VAR has five main uses in finance: risk management, risk measurement, financial control, financial reporting and computing regulatory capital. VAR is sometimes used in non-financial applications as well.
Important related ideas are economic capital, backtesting, stress testing, expected shortfall, and tail conditional expectation.
The VAR system consists of three variables, i.e., the nominal exchange rate, the real exchange rate, and the relative output of China and a foreign country. Consistent with most previous studies, the empirical evidence demonstrates that real shocks are the main drivers of the fluctuations in real and nominal exchange rates, indicating that the central bank cannot maintain the real exchange rate at its desired level over time.
The empirical microstructure methodology consists of 2 chief components: a statistical model and a structural model (Lyons, 2001). These couple of models are appropriate for market maker markets, particularly the foreign exchange market. Two characteristic statistical models exist: Trade-Indicator and Vector Autoregression (also called VAR). On the other hand, the most important structural model is known as Dealer-Problem approach.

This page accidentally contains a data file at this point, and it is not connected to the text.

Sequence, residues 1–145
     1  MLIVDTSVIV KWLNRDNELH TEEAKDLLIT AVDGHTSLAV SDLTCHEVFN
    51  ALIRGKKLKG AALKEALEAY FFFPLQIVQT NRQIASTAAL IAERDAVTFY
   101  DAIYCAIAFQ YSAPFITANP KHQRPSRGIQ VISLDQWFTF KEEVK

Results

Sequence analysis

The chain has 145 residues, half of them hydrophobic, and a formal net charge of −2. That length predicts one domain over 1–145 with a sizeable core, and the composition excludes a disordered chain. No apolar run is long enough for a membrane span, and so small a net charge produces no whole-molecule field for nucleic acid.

The VAR model was brought forward by Sims (1980), and was put in to application by Hasbrouck (1991) for microstructure theory. Of late this tool has been usually employed for currencies (Payne, 2003; Evans, 2002; Danielsson and Love, 2006; Froot and Ramadorai, 2005). Before we estimate the VAR approach, lets us shift our emphasis to the assumptions related to the model. The VAR model in such practical work is based on these behavioral assumptions:
1. The public information right away gives an idea of the quotes.
2. The knowledgeable traders develop their profit through effective usage of their market orders.
Let Y be a vector of transaction characteristics and let Z be the lag of each transaction characteristic, and consider t as an event-time observation counter. The following VAR model is employed in this empirical work:



Where,
P is the change of exchange rate;
tX is the accumulated order flow;
i-i* is the interest rate differential;
R is the country risk premium.
The VAR equations are estimated by employing OLS and may consist heteroskedasticity robust standard errors.
The specifications of the VAR model built to test for exchange rate changes are shown in the equation given below:

P is the change of exchange rate; X is the accumulated order flow; i-i* signifies the interest rate differential; R is the country risk premium. Another additional variable represents the country risk premium. The variable P and the companion matrix are allowed for a common number of lags and are absolutely constant across the currencies.